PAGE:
Ultra Global were recently delighted to host Lord Green, Minister of State for Trade and Investment as he visited the company’s Heathrow pod personal rapid transit (PRT) system. In addition to a visit to the control room the Minister was able to take a return trip on the pods which have provided close to a million passengers with a link between Terminal 5 and the terminals designated Business Car Park. The pioneering technology which uses small driverless electric vehicles that run on dedicated guideways has successfully been in operation at the airport since May 2011.

In addition to the tour, Ultra’s Managing Director Fraser Brown welcomed the opportunity to share news of Ultra’s work with the minister including updates on projects in Brazil, India, Malaysia and Taiwan. The visit was also an appropriate occasion for Mr Brown to thank the minister for the tremendous support provided by Lord Green’s team at UK Trade and Investment (UKTI) who have helped promote Ultra’s technology so successfully in a number of international markets.

Lord Green becomes the latest in a succession of UK Government representatives to have travelled on the system in the past 12 months including Vince Cable, Patrick McLoughlin, Alan Duncan and Norman Baker. MD Fraser Brown hopes that visits such as this will continue to help improve the profile of personal rapid transit ensuring it is on the agenda at the very highest level. Mr Brown commented ‘Ultra’s future success depends on highlighting the ability and potential of our technology to provide effective connectivity solutions within the UK and worldwide. Lord Green and his team at UKTI are fundamental to this process and we are delighted to have had the opportunity to showcase our work personally to the Minister.’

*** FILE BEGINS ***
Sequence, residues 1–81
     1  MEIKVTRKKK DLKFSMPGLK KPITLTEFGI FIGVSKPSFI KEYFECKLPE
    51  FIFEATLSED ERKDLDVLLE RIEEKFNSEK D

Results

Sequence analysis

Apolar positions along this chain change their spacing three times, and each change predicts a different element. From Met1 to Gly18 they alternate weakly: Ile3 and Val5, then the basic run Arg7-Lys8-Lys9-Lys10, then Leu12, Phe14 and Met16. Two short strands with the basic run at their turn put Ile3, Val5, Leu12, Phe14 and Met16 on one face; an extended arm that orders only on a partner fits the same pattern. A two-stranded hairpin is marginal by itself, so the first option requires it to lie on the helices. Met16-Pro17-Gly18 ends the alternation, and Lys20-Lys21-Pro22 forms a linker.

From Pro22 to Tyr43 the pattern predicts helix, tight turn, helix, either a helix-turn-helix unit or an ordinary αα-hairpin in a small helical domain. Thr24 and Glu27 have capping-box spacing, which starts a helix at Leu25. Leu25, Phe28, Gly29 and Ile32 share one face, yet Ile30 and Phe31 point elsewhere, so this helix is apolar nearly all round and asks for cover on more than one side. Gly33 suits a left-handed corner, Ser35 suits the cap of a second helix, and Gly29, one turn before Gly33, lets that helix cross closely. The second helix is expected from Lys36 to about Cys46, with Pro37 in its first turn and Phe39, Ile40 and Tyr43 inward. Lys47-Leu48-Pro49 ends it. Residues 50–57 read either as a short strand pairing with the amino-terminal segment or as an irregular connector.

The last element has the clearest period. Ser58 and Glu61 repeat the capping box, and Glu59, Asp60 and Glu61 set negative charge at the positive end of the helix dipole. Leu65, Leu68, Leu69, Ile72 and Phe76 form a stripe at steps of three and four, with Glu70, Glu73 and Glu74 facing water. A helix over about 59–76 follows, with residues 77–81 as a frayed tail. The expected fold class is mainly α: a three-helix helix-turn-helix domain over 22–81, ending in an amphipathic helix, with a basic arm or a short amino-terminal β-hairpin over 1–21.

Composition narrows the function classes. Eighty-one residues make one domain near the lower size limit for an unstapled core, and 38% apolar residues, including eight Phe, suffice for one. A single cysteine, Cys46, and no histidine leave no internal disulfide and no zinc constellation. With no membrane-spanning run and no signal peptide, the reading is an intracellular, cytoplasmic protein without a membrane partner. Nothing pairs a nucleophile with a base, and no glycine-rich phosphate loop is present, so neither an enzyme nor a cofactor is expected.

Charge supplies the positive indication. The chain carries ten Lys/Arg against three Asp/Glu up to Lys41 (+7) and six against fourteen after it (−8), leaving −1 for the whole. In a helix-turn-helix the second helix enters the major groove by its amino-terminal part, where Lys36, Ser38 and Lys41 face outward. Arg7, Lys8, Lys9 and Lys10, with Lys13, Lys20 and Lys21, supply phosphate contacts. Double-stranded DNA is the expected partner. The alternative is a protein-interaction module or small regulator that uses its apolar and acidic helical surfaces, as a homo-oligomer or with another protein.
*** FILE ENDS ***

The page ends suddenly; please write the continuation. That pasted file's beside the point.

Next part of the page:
Ultra Global take part in Open House London 2013